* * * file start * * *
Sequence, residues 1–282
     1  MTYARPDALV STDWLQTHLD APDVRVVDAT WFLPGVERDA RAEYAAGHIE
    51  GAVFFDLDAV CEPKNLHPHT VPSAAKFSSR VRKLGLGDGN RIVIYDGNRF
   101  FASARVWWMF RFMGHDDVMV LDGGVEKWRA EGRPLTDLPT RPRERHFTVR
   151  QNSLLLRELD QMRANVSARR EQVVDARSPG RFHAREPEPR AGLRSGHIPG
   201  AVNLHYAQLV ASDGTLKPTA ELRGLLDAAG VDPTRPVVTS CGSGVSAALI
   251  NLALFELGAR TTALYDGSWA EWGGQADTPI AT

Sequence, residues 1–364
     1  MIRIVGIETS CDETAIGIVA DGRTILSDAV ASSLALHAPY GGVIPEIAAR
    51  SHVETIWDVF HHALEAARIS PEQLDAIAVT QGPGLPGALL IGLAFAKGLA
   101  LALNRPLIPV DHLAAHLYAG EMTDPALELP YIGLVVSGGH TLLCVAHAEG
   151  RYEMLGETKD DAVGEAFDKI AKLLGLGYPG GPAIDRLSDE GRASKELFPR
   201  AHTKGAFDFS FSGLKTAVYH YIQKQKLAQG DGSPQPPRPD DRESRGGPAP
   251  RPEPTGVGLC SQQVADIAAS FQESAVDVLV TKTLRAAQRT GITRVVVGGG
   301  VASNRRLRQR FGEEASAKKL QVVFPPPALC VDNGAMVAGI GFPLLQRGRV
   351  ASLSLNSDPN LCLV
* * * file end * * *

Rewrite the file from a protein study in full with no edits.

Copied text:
Sequence, residues 1–282
     1  MTYARPDALV STDWLQTHLD APDVRVVDAT WFLPGVERDA RAEYAAGHIE
    51  GAVFFDLDAV CEPKNLHPHT VPSAAKFSSR VRKLGLGDGN RIVIYDGNRF
   101  FASARVWWMF RFMGHDDVMV LDGGVEKWRA EGRPLTDLPT RPRERHFTVR
   151  QNSLLLRELD QMRANVSARR EQVVDARSPG RFHAREPEPR AGLRSGHIPG
   201  AVNLHYAQLV ASDGTLKPTA ELRGLLDAAG VDPTRPVVTS CGSGVSAALI
   251  NLALFELGAR TTALYDGSWA EWGGQADTPI AT

Sequence, residues 1–364
     1  MIRIVGIETS CDETAIGIVA DGRTILSDAV ASSLALHAPY GGVIPEIAAR
    51  SHVETIWDVF HHALEAARIS PEQLDAIAVT QGPGLPGALL IGLAFAKGLA
   101  LALNRPLIPV DHLAAHLYAG EMTDPALELP YIGLVVSGGH TLLCVAHAEG
   151  RYEMLGETKD DAVGEAFDKI AKLLGLGYPG GPAIDRLSDE GRASKELFPR
   201  AHTKGAFDFS FSGLKTAVYH YIQKQKLAQG DGSPQPPRPD DRESRGGPAP
   251  RPEPTGVGLC SQQVADIAAS FQESAVDVLV TKTLRAAQRT GITRVVVGGG
   301  VASNRRLRQR FGEEASAKKL QVVFPPPALC VDNGAMVAGI GFPLLQRGRV
   351  ASLSLNSDPN LCLV